"to elevate the condition of men--to lift artificial weights from all shoulders, to clear the paths of laudable pursuit for all, to afford all an unfettered start and a fair chance, in the race of life." --Abraham Lincoln

Chairman's Note: A Betrayal of Limited-Government Conservatism

Last night, Congress passed a continuing resolution (CR) that will keep the federal government funded through March 23. This is the fifth Continuing Resolution of the fiscal year—a sixth may be needed before March 23, since both parties have agreed to begin debate on an immigration bill next week.
 
But as bad as the decision to continue funding the government through un-amended short-term auto-pilot bills is, the two-year budget cap deal that passed along with the CR is even worse.
 
With the CR, Congress agreed to fund specific government programs at specific levels only through March 23.The larger budget deal set overallspending levels for two years. The breakdown of spending on specific programs after March 23 will be decided in future funding decisions.
 
But no matter how Congress divvies up the budget in the months ahead, last night’s budget deal guaranteed that the end result will blow the top off the nation’s already rising debt.
 
According to the Committee for a Responsible Federal Budget, the spending increases in last night’s budget deal will drive next year’s budget deficit to almost $1.2 trillion, a level not seen since the beginning of President Obama’s failed stimulus program.
 
This is a complete betrayal of everything limited-government conservatives fought for during Obama’s presidency.
 
It also is a betrayal of the limited-government vision the Trump administration outlined in its FY 2018 budget. That document called for a $1.4 trillion reduction in discretionary spending over the next ten years. By contrast, this bill sets up a path to dramatically increase discretionary spending.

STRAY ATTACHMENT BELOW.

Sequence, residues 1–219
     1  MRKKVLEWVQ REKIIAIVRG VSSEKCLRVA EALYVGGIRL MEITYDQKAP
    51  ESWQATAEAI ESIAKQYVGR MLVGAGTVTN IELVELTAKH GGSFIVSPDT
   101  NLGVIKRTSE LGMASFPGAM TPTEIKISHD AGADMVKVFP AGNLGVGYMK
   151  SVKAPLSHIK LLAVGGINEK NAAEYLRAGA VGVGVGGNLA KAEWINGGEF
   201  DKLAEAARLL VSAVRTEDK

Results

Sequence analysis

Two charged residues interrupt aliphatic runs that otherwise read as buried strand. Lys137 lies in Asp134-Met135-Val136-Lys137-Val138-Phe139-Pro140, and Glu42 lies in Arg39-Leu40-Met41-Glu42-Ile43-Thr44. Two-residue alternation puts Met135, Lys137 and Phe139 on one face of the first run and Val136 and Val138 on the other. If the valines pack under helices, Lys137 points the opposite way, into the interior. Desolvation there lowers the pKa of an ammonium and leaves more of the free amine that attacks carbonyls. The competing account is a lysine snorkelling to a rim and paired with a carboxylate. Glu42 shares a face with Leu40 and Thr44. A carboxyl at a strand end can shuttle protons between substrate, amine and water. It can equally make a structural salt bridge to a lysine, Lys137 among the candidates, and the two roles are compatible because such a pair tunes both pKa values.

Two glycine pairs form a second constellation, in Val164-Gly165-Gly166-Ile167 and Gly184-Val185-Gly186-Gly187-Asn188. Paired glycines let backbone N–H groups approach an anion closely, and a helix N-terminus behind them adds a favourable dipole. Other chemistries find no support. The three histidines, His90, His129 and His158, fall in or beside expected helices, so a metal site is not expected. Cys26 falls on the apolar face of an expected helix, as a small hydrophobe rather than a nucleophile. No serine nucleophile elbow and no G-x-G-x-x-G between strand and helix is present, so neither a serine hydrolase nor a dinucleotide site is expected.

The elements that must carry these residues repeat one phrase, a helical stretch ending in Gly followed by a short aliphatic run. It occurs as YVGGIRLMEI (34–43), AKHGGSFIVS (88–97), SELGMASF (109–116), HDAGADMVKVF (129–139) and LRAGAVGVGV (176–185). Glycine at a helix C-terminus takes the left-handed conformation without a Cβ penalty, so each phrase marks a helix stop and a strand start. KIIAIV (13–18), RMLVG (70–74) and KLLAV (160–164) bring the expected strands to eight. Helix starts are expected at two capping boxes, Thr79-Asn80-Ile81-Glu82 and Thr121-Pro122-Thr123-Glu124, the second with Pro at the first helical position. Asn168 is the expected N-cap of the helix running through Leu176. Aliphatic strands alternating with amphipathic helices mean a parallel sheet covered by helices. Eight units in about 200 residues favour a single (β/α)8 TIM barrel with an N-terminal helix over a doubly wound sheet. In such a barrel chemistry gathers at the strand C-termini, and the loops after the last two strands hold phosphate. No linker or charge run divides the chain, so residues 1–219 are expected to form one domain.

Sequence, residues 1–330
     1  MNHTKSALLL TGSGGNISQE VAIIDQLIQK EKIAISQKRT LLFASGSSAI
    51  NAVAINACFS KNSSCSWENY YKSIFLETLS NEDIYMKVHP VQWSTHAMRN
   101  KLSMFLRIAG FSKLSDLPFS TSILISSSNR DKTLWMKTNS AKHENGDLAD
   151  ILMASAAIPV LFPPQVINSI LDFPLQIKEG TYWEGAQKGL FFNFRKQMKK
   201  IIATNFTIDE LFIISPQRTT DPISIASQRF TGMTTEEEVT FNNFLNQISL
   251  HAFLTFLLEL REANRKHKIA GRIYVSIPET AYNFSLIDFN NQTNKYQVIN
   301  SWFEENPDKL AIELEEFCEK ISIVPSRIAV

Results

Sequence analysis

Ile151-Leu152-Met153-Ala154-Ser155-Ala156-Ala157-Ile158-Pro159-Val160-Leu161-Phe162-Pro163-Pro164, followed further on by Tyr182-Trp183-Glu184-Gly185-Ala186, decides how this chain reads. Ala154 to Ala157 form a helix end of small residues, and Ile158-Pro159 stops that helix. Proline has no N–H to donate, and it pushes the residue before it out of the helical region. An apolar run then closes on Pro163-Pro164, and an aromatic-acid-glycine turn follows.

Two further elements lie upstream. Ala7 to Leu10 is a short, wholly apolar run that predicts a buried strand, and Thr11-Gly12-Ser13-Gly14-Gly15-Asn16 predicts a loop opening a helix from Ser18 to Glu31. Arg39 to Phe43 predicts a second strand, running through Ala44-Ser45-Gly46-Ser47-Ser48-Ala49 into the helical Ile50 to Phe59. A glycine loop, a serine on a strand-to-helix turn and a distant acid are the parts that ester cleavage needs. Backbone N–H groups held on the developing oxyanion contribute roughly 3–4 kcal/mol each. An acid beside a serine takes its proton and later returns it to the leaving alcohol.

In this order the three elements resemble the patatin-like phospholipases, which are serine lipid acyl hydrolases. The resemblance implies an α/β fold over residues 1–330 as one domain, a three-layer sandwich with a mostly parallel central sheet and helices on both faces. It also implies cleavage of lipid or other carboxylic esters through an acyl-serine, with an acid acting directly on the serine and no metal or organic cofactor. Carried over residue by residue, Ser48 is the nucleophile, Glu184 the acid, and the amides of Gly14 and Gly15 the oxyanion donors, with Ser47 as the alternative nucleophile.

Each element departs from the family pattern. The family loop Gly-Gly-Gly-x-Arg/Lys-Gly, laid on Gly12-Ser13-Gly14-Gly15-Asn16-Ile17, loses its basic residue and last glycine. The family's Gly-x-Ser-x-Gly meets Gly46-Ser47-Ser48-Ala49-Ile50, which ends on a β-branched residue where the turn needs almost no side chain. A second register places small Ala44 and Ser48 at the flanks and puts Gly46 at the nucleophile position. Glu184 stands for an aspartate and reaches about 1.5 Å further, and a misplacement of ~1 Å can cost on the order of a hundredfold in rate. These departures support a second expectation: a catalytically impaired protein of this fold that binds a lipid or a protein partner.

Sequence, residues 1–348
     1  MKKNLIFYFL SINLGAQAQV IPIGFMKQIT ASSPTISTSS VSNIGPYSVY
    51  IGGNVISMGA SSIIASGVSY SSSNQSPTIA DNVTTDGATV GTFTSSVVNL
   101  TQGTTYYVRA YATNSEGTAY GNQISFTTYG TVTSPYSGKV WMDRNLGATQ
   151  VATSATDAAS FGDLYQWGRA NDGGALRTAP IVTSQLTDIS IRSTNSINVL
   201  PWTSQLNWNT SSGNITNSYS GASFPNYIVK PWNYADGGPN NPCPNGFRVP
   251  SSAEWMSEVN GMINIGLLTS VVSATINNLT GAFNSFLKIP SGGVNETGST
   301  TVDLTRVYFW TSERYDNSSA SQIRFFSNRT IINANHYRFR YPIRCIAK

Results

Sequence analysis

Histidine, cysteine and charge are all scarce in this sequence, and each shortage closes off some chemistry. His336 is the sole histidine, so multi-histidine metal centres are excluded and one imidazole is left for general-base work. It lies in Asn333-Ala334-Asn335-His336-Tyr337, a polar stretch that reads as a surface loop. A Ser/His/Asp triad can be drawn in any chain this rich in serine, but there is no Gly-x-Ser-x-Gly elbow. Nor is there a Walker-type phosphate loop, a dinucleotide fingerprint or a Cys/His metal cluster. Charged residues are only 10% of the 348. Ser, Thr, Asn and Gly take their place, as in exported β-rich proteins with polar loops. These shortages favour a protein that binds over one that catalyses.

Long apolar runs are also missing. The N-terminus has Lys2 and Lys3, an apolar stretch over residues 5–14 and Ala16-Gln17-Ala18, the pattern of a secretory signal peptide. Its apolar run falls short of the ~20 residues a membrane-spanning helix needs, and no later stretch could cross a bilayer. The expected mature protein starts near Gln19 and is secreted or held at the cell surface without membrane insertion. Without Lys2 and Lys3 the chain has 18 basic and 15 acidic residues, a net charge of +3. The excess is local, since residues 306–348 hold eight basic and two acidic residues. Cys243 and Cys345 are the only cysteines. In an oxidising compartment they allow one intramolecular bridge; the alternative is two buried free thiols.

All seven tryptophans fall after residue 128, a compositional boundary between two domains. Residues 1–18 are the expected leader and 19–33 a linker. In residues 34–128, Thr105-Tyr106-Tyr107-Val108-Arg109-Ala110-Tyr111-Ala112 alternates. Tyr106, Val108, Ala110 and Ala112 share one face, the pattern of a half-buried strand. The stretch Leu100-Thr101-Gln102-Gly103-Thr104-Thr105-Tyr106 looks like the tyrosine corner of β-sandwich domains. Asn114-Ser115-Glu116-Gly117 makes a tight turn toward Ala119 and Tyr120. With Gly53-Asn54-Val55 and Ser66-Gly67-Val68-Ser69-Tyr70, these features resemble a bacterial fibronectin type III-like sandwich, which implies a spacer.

But that’s not all. The bill also threw in more than $17 billion in tax loopholes to special interests, including tax rebates for rum producers in Puerto Rico, accelerated depreciation for racehorse investors, special expensing provisions for Hollywood producers, and tax subsidies for electric vehicles.
 
It even suspended the federal government’s $20.5 trillion debt limit through March 1, 2019. Suspending the debt limit functionally raises the borrowing authority of the federal government by over one trillion dollars—and it does so without any effort to reduce or reform federal spending.
 
If you hoped that this budget deal would create the possibility for welfare orspending reform, I have bad news for you. By setting spending levels for the next two years, the deal has made passage of a budget resolution this year extremely unlikely. Without a budget resolution, there can be no reconciliation process. And without a reconciliation process, any serious effort to reform welfare or spending is dead.
 
It is unclear what the Senate will do legislatively between now and the November elections. What should be clear to limited-government conservatives is that they have been completely abandoned by the Republican Congress.

 

He's Always Lucas First

Click here to watch video

 

Issue in Focus: A Threat to Marriage from the EEOC

The Equal Employment Opportunity Commission may seem like an unlikely threat to religious liberty and the institution of marriage. After all, the federal agency was created to combat workplace discrimination by the Civil Rights Act of 1964. But sadly, the agency created to fight discrimination now threatens to discriminate itself; one nominee to the commission’s five-member board wants to use the federal agency’s power to undermine our nation’s founding principles.
 
Chai Feldblum was first nominated to the EEOC by President Barack Obama in 2009, but she was not confirmed by the Senate. In March 2010, President Obama skirted the Senate by seating Feldblum on the commission when Congress was in recess. The Senate ultimately confirmed Feldblum on a 54-41 vote during a lame-duck session in December of that year. Only two Republicans voted for Feldblum’s confirmation.